Here are 7 facts about how the USO got where it is today:

1. The USO began at the request of President Franklin D. Roosevelt

This video shows why the British Challenger tank holds the record for longest distance kill
Photo: Courtesy USO, Inc.

With the “War in Europe” spreading in the early 1940s, President Roosevelt knew he might soon have a massive military that would need morale assistance. He asked six private organizations — the YMCA, the YWCA, the National Catholic Community Service, the National Jewish Welfare Board, the Traveler’s Aid Association, and the Salvation Army — for their help.

Rather than just draw straws or split up areas on a map, the six organizations combined into a sort of entertainment Voltron that focused on one demographic, the troops.

2. The first services were USO shows and free Coke, both of which continue today

This video shows why the British Challenger tank holds the record for longest distance kill
The late Robin Williams performs for sailors in Bahrain in 2003. (Photo: US Navy Journalist 1st Class Dennis J. Herring)

As the Army and Navy grew in preparation for the war, the most urgent mission of the USO was giving service members the feeling and tastes of home. The USO began a partnership with Coke (that continues to this day) and started bringing in talented soldiers and entertainers to perform for crowds of troops.

3. The USO had a break in service

This video shows why the British Challenger tank holds the record for longest distance kill
Marilyn Monroe visited Korea in 1954. Photo: Department of Defense

In 1947 the occupying forces in Europe and Asia were shrinking and the USO was granted an “honorable discharge” from service by President Harry S. Truman. The Korean War kicked off in 1950 and the USO was back in service by 1951. It wasn’t until after American forces were withdrawn from Vietnam that the USO officially dedicated itself peacetime operations as well as wartime.

4. Bob Hope performed at the first USO center in a combat zone

This video shows why the British Challenger tank holds the record for longest distance kill
Photo: National Archives and Records Administration

While the USO is now known for setting up shop in combat zones, no large USO facilities existed in contested areas during Korea or World War II. The first was in Saigon, Vietnam where Bob Hope performed a Christmas Special in 1964. He would perform a Christmas special for U.S. troops nearly every year until 1973, most of them in Vietnam.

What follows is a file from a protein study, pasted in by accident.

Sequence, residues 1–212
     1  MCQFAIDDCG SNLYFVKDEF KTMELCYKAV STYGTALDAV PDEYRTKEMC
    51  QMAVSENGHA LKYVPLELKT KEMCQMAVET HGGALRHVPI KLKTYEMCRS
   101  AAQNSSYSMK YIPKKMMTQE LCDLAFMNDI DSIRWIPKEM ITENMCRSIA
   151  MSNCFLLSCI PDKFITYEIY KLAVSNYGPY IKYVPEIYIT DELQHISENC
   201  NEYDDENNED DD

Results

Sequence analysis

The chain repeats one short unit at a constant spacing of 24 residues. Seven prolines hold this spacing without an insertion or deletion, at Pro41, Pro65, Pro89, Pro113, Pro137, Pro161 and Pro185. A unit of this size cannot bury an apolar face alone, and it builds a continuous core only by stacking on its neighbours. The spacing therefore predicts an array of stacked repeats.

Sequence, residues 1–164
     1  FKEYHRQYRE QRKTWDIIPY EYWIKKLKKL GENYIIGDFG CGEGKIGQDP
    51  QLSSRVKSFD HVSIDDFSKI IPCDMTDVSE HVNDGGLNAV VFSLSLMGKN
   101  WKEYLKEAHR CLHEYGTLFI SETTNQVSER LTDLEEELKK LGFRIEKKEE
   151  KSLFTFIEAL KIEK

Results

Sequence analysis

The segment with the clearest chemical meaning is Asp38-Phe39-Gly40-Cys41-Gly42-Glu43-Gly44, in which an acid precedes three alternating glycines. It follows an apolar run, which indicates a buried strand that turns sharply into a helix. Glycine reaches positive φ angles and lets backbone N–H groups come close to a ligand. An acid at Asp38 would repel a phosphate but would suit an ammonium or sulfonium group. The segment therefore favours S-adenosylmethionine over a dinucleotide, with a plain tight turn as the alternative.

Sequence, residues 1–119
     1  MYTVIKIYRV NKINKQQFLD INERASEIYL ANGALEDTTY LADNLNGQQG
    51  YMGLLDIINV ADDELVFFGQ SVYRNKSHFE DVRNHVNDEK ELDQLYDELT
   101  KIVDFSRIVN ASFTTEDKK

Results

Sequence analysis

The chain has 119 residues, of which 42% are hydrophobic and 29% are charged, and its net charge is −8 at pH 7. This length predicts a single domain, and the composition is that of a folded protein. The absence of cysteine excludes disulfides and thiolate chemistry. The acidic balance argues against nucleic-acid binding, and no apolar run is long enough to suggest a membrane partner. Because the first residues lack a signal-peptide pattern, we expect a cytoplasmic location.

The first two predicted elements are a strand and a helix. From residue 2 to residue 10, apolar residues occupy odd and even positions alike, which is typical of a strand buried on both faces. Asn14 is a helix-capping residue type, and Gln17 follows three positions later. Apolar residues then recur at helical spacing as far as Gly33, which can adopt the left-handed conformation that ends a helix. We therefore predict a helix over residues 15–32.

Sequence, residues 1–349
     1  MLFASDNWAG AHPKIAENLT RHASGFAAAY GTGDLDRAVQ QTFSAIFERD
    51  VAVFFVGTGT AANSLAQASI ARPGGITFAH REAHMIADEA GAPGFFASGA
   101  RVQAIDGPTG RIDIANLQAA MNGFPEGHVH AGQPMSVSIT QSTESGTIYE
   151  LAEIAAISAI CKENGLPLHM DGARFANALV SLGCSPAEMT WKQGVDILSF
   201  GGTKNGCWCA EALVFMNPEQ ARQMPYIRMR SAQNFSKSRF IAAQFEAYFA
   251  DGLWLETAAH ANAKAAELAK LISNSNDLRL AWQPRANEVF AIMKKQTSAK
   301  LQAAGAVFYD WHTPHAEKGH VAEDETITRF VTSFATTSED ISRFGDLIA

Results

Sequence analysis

5. The USO is headquartered in the Bob Hope Building

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Bob Hope had a long and enduring relationship with the USO. He first performed with them a few months after their formation and before World War II even started. He continued to headline tours and recruit other entertainers through World War II, Korea, Vietnam, and the Persian Gulf War in addition to smaller conflicts and peacetime performances.

In 1985 the USO moved into a new headquarters building that they named for the performer in recognition of his hard work and dedication to the organization.

6. Stephen Colbert’s stint in the Army was in partnership with the USO

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Photo: US Army

While a lot of people remember when Stephen Colbert “enlisted” in the U.S. Army in 2009, not everyone remembers that his week-long trip to Iraq was a USO tour. Colbert filmed his show from the country for that week and allowed Gen. Ray Odierno to shave his had.

7. The longest-running USO tour is a Sesame Street experience

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Photo: US Department of Defense

The Sesame Street/USO Experience for Military Families has run since 2008. In 2014, it celebrated a milestone as it reached its 500,000 military family member. The show has been performed over 1,000 times at more than 140 military bases worldwide.

(h/t to the USO’s interactive timeline where much of the information for this article was found. Check it out to learn more about USO history and see additional photos.)

WATCH

The Russian military actually used this hilarious video to recruit paratroopers

Russia’s paratroopers serve in the VDV, or vozdushno-desantnie voiska. Like America’s airborne forces, the Russian VDV is considered elite and recruits soldiers from both within the Russian armed forces and from the civilian population.


But their tactics for doing so can be a little confusing. For instance, they created a commercial where your mom’s ex-boyfriend sings about his clothes every minute or so.